Cannoli, Sausage and Peppers Hero, Zeppolas…Mangia Bene

If you are fortunate enough to be in NYC any time between September 16th and the 21st, you must make a special pilgrimage to Little Italy, which has become sadly extremely little over the years.  I have fond memories of going to Little Italy with my Dad to buy Italian specialty items around the holidays. Barring a last minute interference by Covid, during those days you will be able to enjoy the renowned Feast of San Gennaro along much decorated Mulberry Street between Canal and Houston Streets.  There will also be a festival stage located on the corner of Grand and Motts Streets where you can enjoy live entertainment each night beginning around 6:30pm. However, the feast activities run from morning to late into the night.  Feasts in celebration of San Gennaro take place in many parts of the USA but the largest and widely known takes place in Little Italy in NYC.

San Gennaro, known by some as St. Januarius, is the patron saint and protector of the city of Naples.  He was the Bishop of Benevento, Italy and died a martyr in 305 AD.  His feast day is celebrated every year on September 19th the day he was beheaded.  Blood was collected by a pious woman and enclosed inside two ampoules.  These became a typical iconographic symbol of San Gennaro.  His blood is believed to be part of many miracles.  On September 19th, the two vials that are kept safely locked behind the altar at the Reale Capella de Tesoro di San Gennaro (Chapel of the Treasures of San Gennaro) located in the Cathedral of Naples are removed for adoration and mass and then safely returned.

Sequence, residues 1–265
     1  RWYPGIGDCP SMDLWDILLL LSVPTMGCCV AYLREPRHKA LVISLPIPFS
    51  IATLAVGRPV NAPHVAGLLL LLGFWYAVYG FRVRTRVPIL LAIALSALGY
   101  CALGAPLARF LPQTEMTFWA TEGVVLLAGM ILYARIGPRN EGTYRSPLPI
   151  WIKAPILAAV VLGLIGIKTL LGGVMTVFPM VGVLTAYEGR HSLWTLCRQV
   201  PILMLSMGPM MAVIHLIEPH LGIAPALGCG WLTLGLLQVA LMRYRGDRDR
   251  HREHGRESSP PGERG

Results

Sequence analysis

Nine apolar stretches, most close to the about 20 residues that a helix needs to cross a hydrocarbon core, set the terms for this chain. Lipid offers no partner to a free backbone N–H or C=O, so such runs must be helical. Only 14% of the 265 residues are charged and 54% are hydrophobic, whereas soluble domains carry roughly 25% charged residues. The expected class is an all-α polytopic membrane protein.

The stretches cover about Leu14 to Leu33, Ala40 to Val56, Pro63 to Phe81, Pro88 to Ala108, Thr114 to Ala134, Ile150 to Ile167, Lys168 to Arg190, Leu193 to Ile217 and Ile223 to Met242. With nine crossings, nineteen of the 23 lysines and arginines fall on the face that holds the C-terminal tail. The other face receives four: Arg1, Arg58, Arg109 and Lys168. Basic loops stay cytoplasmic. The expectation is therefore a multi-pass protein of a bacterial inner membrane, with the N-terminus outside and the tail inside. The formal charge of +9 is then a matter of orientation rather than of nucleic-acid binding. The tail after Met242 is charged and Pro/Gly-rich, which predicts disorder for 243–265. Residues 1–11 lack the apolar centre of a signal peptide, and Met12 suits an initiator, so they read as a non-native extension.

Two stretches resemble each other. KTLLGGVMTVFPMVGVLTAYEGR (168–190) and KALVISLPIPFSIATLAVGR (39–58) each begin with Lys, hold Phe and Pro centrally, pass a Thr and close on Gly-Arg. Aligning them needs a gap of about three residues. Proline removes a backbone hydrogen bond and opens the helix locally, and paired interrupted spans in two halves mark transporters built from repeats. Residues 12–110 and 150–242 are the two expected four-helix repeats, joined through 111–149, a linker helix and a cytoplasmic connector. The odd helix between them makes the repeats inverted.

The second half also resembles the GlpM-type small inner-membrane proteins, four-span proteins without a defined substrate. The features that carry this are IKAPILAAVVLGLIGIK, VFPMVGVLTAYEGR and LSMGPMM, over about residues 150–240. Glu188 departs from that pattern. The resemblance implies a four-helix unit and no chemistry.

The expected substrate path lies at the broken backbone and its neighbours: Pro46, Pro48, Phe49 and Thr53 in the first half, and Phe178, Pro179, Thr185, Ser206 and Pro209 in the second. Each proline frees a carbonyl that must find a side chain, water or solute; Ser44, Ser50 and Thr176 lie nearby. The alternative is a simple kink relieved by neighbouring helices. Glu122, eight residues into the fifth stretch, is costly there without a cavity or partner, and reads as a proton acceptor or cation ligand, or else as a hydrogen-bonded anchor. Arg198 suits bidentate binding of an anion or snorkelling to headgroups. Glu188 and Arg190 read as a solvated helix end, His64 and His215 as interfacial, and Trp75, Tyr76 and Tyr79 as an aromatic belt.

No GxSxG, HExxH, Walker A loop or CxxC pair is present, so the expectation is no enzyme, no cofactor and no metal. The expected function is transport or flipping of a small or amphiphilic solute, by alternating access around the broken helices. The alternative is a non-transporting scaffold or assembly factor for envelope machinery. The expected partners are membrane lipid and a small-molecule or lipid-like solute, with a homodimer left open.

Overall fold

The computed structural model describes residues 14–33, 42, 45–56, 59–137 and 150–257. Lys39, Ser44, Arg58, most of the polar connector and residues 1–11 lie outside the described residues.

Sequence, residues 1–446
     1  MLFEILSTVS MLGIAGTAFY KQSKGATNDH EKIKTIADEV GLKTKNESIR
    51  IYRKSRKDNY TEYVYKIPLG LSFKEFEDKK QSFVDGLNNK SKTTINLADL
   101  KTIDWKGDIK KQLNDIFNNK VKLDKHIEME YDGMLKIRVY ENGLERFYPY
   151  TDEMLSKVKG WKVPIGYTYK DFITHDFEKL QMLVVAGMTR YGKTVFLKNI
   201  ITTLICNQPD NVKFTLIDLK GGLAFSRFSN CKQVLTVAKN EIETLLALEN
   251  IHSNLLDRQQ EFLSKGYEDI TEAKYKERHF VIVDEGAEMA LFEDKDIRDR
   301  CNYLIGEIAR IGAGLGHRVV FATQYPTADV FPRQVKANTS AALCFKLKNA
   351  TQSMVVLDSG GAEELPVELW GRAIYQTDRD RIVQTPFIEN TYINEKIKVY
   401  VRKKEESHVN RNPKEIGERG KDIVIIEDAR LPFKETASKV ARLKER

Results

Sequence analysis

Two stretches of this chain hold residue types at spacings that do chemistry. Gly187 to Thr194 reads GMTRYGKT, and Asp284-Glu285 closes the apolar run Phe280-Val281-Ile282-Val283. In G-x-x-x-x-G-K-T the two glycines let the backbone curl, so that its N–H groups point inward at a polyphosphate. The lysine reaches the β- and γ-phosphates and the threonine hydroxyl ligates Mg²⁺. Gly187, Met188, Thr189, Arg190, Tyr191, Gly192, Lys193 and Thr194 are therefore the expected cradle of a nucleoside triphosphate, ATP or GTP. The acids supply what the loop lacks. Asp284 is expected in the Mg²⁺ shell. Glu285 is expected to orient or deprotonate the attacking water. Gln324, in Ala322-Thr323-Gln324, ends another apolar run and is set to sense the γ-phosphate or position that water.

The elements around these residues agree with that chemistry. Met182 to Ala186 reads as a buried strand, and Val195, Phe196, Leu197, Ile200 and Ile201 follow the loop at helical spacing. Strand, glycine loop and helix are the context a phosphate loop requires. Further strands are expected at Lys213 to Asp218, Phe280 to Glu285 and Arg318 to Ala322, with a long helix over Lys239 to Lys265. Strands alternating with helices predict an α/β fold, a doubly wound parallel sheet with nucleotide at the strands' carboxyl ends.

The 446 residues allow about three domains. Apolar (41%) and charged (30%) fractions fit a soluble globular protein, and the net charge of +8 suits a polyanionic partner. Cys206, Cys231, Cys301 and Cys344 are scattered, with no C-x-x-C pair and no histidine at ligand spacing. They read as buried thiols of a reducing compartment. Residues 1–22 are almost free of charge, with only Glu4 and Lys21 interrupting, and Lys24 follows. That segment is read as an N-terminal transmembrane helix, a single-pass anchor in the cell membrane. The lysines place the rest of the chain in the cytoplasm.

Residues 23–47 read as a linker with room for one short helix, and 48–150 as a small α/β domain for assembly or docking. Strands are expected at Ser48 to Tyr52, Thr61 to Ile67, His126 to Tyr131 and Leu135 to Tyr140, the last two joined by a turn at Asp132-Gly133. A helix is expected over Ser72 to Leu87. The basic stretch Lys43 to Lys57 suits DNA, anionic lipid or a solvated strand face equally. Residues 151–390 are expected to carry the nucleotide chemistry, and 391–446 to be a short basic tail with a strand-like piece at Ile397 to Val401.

People will flock to the Feast of San Gennaro in NYC from far and wide, especially those who once considered this area home and have moved away.  Many make the pilgrimage each year.  As you walk and saunter through the stalls, with the many aromas wafting through the air you will be hard pressed to figure out at which stall you will begin your eating marathon.  Sausage and peppers, meatballs, eggplant and chicken parm sandwiches. Not to mention zeppoles and cannoli.  You can’t go wrong with any of the above.  Just come hungry.

My biggest suggestion and one I would certainly not miss doing, is taking a little side step as you leave the feast and venture over to Veniero’s Pastry at 342 East 11th Street between 1st and 2nd Avenues. (This pastry shop is well known to us as during  our growing up years each of our families bought many holiday sweets from them. Veniero’s supplied our wedding cake and plates of cookies for each table at the reception.  We recently celebrated our 60th Wedding Anniversary and had a 5 lb cookie platter delivered for our celebration dinner.)  Once you enter Veniero’s you will be overwhelmed by the glorious selections of pastries. You can’t go wrong there.  You can sit and rest your weary bones from walking and enjoy a dolci. Veniero’s has been in business since 1894 when founded by Antonio Veniero who fled Vico Equense at the age of 15, determined to make his mark in America.  Without any doubt, he did. It is still run by family today.  What a way to end a feast.